There is a critical role for government to play in crisis management and disaster recovery. Lessons can be learned from the outbreak of Foot and Mouth Disease in the UK in 2001. The UK’s Department for Environment, Food and Rural Affairs (DEFRA) identified the direct costs to tourism as a loss of expenditure of between £2.7 and £3.2 billion. At the national level, the tourism industry's representatives blamed the British Tourist Authority for failing to react sufficiently and effectively, without an appropriate crisis-management strategy in place before the outbreak.
For the World Bank Group and other development partners, a greater emphasis on crisis-management support at the sector level could be an important pro-active means of stepping up our engagement with client countries – before disaster strikes. With the rising threat of terrorism attacks across the world, along with their devastating impact on tourist demand, the most prepared destinations will have a competitive advantage and will be better equipped to limit the damage to the economy and to people’s livelihoods.
For now, hotels in Senegal have slashed their prices and are concentrating on supplying the small domestic market, but operating at a loss is not sustainable for long. The booking season for 2015 is almost over, with no sign of recovery – meaning that businesses such as Jean-Marie’s face at least another 12 months of empty beds.
Despite their mixed record last year, Future Development's bloggers once again offer their predictions for 2015. Eight themes emerge.
1. Global growth and trade. The US economy will strengthen far above predictions. Together with lower oil prices and a better business climate in emerging markets, this will create substantial positive spill-overs, including to the smaller export-oriented Asian economies, boosting the growth of their manufactured exports well above recent trends. The US will look to open new free trade agreements in Asia—India may try to join—and seek opportunities to do the same in Africa. Meanwhile, Germany will face increasing resistance to the free-trade agreement with America (TTIP), just as Angela Merkel celebrates her 10th year in office.
- oil prices
- Public Sector and Governance
- Private Sector Development
- Labor and Social Protection
- Information and Communication Technologies
- Global Economy
- South Asia
- Middle East and North Africa
- Latin America & Caribbean
- Europe and Central Asia
- East Asia and Pacific
- Russian Federation
- United States
- Venezuela, Republica Bolivariana de
In my previous blog post, I showed this trend and the studies that confirm it. Among the questions we are researching to map urban innovation ecosystems is whether there is a minimum set of requirements for these ecosystems to emerge — for example, in relation to infrastructure or the population's technical skills. What we are encountering is that, although you need a minimum level of infrastructure (e.g., at least some broadband connectivity and mobile phone networks), this level is much lower than many people expect.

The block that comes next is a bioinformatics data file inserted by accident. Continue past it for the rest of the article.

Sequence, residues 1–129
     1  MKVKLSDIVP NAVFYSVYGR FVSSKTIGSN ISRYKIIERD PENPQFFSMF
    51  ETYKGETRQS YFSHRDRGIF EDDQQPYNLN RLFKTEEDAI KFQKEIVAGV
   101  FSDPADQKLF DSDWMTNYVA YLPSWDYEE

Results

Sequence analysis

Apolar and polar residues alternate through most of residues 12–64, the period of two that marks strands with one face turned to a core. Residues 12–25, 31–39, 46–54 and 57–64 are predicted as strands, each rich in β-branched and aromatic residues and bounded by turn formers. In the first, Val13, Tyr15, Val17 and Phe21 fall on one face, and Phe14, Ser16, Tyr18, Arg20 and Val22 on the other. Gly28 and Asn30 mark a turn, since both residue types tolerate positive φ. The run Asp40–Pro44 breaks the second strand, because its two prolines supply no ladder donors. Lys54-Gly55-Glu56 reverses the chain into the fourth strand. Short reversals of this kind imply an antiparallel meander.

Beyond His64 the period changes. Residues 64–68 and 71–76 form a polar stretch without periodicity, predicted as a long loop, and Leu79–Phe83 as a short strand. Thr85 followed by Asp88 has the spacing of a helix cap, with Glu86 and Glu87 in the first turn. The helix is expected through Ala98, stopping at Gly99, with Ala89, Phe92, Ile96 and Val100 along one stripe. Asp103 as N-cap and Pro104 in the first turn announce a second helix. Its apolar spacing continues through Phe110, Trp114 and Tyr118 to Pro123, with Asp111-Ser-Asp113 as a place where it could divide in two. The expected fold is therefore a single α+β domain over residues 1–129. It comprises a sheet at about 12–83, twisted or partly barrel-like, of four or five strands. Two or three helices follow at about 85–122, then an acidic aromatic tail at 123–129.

A city does not need to have 4G mobile broadband or widespread fiber-optic fixed broadband widespread. It is enough to have broadband connection in some key points (particularly hubs and collaboration spaces) and basic mobile phone coverage and use (such as 2G mobile phone service). A similar conclusion is applicable to the skill level of the population. The results of the study of New York tech ecosystem shows that almost half of the employment created by the ecosystem does not require a bachelor’s degree.
In this blog post, I present the case of Nairobi and the tech start-up ecosystems emerging in Africa. I'll also explore how these ecosystems can not only surge, but also compete internationally despite having limited broadband connectivity (both mobile and fixed).
As newly resource-rich countries grapple with how to manage their resources well, questions arise on how governments can channel natural resource revenues into smart investments, as well as lessons learned from past experiences. At a Flagship event preceding the Annual Meetings, panelists came together to discuss “Making Extractives Industries’ Wealth Work for the Poor.”
If managed well, revenue from resources such as oil and gas in Tanzania and Mozambique, iron ore in Guinea, copper in Mongolia, gas and gold in Latin America, oil, gas, bauxite and gold in Central Asia, can contribute to sustainable development. When poorly handled they can present long-term challenges for governments, communities and the environment.
The panelists included Marinke Van Riet, International Director, Publish What You Pay; Ombeni Sefue, Chief Secretary of Government, Tanzania; Samuel Walsh, Chief Executive Officer, Rio Tinto; and Tan Sri Nor Mohamed Yakcop, Deputy Chairman, Nasional Berhad, Malaysia. The session was moderated by renowned energy expert Daniel Yergin, Vice-Chairman, IHS, and bestselling author of The Quest: Energy, Security, and the Remaking of the Modern World.
Everyone agrees that enhanced transparency—on payments, revenues, royalties and taxes—is essential to success in developing countries to turn earnings from oil, gas and mining into economic growth and poverty reduction. But that’s just the first step.
Think Tanzania and you may imagine yourself in the plains of the Serengeti or the peaks of Mount Kilimanjaro. This week I was in Ruaha National Park, the second largest national park in all of Africa, but merely a blip on the tourist map. It is not just geographically large but ecologically rich and mega diverse – it has more than 1,400 species of plants and is home to abundant iconic wildlife species. Compare the tourism traffic: while Serengeti has 300,000 visitors annually, Ruaha has only 20,000 per year. Despite its share of nature’s bounty, Ruaha symbolizes a missed opportunity to be an engine of growth for Tanzania. By building an effective sustainable tourism policy, this reality could change fairly quickly.